The situation in Spain is not as good. Despite cuts in government spending and increases in taxes, the IMF still projects the cyclically adjusted fiscal deficit to exceed 3.2% of GDP in 2013 and 2.3% of GDP in 2015. The key to solving Spain’s fiscal problem lies in the semi-autonomous regions that generate spending and shift the financing burden to Madrid. Perhaps Italy’s success will help to convince Spain to adopt the tough measures that reduce projected future deficits without more current austerity.

If Italy and Spain have budget surpluses and declining debt/GDP ratios, financial markets will reduce the interest rates on their bonds without the proposed ECB purchases. That would remove the serious risk that the ECB could start buying bonds on the basis of agreed fiscal packages, and then be forced to react if governments fall short on implementing them.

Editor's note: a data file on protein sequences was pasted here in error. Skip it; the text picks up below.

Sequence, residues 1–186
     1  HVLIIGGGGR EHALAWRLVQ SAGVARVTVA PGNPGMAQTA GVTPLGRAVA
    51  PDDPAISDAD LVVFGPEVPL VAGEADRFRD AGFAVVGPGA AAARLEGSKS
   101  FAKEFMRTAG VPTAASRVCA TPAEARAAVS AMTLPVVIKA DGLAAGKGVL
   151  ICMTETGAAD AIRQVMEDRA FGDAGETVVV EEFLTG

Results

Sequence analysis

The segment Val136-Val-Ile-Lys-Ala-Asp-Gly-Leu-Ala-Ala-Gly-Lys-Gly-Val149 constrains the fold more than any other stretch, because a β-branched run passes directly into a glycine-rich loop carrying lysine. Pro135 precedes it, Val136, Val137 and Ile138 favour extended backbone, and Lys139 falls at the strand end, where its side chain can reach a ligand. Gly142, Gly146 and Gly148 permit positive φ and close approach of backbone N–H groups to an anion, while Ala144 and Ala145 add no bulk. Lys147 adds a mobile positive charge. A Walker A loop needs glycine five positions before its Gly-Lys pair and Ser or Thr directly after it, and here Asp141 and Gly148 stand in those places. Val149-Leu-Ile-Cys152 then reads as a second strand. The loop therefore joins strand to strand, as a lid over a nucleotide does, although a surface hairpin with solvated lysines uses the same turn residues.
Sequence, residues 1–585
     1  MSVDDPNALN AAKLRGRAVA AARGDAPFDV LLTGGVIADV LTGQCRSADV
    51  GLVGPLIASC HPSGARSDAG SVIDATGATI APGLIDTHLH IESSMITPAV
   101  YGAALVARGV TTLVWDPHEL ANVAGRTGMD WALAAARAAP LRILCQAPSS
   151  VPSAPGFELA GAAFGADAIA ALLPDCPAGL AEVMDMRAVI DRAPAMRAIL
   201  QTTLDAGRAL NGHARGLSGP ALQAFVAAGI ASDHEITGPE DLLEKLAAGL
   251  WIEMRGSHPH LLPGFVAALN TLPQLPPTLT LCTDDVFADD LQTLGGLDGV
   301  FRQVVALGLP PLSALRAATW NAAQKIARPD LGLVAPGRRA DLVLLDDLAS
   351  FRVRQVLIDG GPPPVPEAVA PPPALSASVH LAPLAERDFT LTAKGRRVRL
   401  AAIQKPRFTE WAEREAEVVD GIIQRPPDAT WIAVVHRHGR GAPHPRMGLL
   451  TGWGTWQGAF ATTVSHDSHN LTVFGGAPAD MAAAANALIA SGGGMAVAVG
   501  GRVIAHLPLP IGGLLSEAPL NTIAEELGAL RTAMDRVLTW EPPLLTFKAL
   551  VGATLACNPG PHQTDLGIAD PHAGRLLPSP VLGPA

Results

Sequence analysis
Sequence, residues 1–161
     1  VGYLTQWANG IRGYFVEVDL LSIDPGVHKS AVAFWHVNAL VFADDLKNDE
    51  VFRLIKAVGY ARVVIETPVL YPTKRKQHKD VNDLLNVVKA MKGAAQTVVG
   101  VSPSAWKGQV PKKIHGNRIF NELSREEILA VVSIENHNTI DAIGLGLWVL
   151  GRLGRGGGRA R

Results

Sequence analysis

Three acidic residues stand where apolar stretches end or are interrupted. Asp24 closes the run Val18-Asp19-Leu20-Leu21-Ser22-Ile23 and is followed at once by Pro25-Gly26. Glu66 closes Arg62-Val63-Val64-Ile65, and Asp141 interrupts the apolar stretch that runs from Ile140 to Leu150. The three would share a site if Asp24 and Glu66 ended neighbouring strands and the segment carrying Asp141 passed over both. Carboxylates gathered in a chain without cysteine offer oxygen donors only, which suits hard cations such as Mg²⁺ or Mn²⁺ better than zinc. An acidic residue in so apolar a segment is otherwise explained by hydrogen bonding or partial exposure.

None of this would be enough to save Greece, where the fiscal deficit is 7.5% of GDP, or Portugal, where it is 5% of GDP. But if Italy and Spain are no longer at risk of default, or of abandoning the euro, Germany and other eurozone leaders will have room to decide whether to continue funding these very small states or politely invite them to leave the euro and return to national currencies.

Moreover, even under this optimistic scenario, the problem of the current-account deficits of Italy, Spain, and the other peripheral countries will remain. Differences among the eurozone countries in growth rates of productivity and wages will continue to cause disparities in international competitiveness, resulting in trade and current-account imbalances. Germany now has a current-account surplus of about $215 billion a year, while the rest of the eurozone is running a current-account deficit of about $140 billion.

Italy, Spain, and France all have current-account deficits equal to 2% or more of their GDP. As they come out of their cyclical recessions, incomes will rise, leading to increased imports and even larger current-account deficits. Those deficits must be financed by net inflows of funds from other countries.